Opinion 6

What Does Pay to Win Actually Mean?

What does pay to win actually mean? We see this phrase thrown around a lot, often carelessly, by journalists and commenters alike that don’t seem to truly get what it means. To help make sense of it, and to have an article to point to in the future whenever we refer to the practice in a review, we thought we’d aim to answer the question.

Our stance at Droid Gamers is that a game is only pay to win when it meets the following criteria:

You can pay for a feature, mechanic, or item that either provides a significant advantage over other players that can’t otherwise earn it for free, or allows you to continue to progress when you can’t by continuing to play for free (a paywall).

Our definition demonstrates two specific instances where pay to win occurs. The former, the paid advantage, is a lot more difficult to define than the latter, the paywall, as games that choose to go this route often provide the illusion that you can get everything by repeating the same content for a considerable amount of time (grinding). In fact, games with a paywall occasionally do this too.

It’s easier for us to look at a few specific free to play mobile games to assess how pay to win, if at all, they are. We’ll start with a recent hit:

Is Mario Kart Tour Pay to Win?

Many have denounced Mario Kart Tour as a pay to win experience but we’re not convinced as it doesn’t meet our criteria above. In terms of gameplay, you race your way through a variety of cups, earning Grand Stars by hitting certain score thresholds. These Grand Stars then gift you with rewards, including Rubies (the premium currency), drivers, karts, gliders, and more.

Where Mario Kart Tour differs from the mainline console games is that you receive a score for your performance in the game. You’ll get points when you use items against opponents, perform tricks, run over a boost pad, and more. To get the maximum number of Grand Stars per cup (usually five) you’ll need to pass a score threshold.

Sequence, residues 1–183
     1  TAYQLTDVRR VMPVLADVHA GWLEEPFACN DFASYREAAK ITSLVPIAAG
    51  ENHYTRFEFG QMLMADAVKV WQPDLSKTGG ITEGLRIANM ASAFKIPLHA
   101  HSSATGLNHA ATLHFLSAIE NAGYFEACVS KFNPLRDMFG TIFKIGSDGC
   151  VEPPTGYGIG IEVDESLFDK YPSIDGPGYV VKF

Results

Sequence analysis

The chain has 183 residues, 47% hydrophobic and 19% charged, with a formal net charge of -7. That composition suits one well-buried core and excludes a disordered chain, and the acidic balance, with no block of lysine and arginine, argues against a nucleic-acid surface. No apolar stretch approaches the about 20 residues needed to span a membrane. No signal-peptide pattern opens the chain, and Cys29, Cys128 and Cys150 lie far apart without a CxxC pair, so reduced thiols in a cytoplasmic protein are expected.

The most frustrating aspect of this system is that finishing first doesn’t always guarantee that you get the maximum points. You do get a massive chunk of points for finishing first, but in the later cups you’ll need to rely on luck and having the right drivers, karts, and gliders.

Each driver, kart, and glider has their own favourite course, and you get bonus points for racing with them on their favourite course. This is where the pay to win blurriness is injected as the easiest method of getting the necessary drivers for each cup is to purchase Rubies and unlock them gacha-style.

The problem is, paying doesn’t actually guarantee you anything – unless you pay for gold to outright purchase what you need from the shop. You can also earn plenty of Rubies for free and, if you’re lucky, you can get the parts you need to progress.

It gets blurrier still when you realise that you don’t actually have to get the maximum number of Grand Stars in every single cup to get the maximum number of rewards. You can earn Grand Stars by completing challenges and unlocking tickets, and there are typically more than enough Grand Stars to go around to unlock everything.